Alpine tundra and high peaks in the Snowy Range in the Medicine Bow National Forest (40 miles west of Laramie, WY). All the land is in Federal ownership. Unlike most habitats at this elevation, access is relatively easy as a state highway crosses the tundra.

Ornithological Summary

The bird species of interest is the Brown-capped Rosy-Finch. The species is on the Audubon WatchList because of its decreasing population and limited global range. In addition, few systematic studies have been done on the species because of the inaccessibility of its high elevation habitat.
The species is primarily found within the state of Colorado, but the range extends into central New Mexico and southern Wyoming. The Medicine Bow National Forest is the only location in Wyoming where Brown-capped Rosy-Finches occur. The species is considered a "species of local concern" on the Forest occur. Another "species of local concern," the Medicine Bow pika (a subspecies) also occurs on the site. The loss of pikas from 25% of historic sites in the Great Basin in the last 50 years suggests change in this habitat, whether related to climate change or human disturbance. In addition, the site formerly supported a population of White-tailed Ptarmigan that was apparently extirpated by the early 1970's. Also, due to the delicate habitat type of this area (primarily high alpine tundra), the site and bird species could be bio-indicators of the health of the ecosystem. For example, due to persistent and heavy snows, the area could reveal an accumulation of toxins (within the snow drifts) and possible affects of climate change through decreasing snow line and increasing treeline. These affects could have significant repercussions to avian species.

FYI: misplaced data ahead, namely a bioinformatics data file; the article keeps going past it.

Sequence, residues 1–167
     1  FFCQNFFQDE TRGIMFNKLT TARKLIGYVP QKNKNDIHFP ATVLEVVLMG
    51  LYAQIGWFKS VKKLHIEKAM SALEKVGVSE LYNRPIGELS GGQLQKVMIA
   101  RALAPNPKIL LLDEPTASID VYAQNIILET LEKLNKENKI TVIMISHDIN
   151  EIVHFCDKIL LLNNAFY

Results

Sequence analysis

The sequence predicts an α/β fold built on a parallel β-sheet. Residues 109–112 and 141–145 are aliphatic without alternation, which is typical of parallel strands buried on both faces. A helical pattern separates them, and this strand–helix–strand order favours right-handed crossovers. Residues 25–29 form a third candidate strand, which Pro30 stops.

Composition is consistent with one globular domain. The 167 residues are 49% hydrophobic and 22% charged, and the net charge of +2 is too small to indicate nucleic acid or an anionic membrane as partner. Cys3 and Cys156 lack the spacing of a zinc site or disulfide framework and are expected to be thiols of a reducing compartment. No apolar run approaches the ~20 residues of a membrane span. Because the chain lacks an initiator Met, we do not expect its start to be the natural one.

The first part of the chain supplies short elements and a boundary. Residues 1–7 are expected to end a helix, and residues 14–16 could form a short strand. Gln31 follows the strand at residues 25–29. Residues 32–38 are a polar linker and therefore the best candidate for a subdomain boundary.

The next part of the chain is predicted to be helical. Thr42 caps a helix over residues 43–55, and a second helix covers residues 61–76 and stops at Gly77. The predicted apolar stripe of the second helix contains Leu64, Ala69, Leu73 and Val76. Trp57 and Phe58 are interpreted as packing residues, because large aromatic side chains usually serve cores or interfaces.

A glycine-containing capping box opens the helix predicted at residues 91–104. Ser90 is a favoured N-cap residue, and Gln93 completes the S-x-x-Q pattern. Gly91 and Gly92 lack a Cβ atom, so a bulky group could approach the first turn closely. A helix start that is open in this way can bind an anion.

Conservation Issues

The area receives high levels of recreations use in the summer and winter. The effects disturbance in nesting season and of snow compaction (altering spring habitat) on rosyfinches are poorly understood.


All the land is in Federal ownership


The primary habitat type within this IBA is alpine tundra and high peaks in the Snowy Range in the Medicine Bow National Forest. The secondary habitat type are cliff/rock and high elevation riparian.

Land Use

The area is totally managed by the U.S. Forest Service out of the Laramie regional office. The area receives high levels of recreation use in the summer and winter (the latter mostly snowmobiling). The area is managed primarily for non-motorized recreation in the summer and for motorized use (off-trail snowmobiles) in the winter. The area includes sheep grazing allotments which have been vacant since 1997. The Forest Service recently received an application to pasture domestic sheep in the area.

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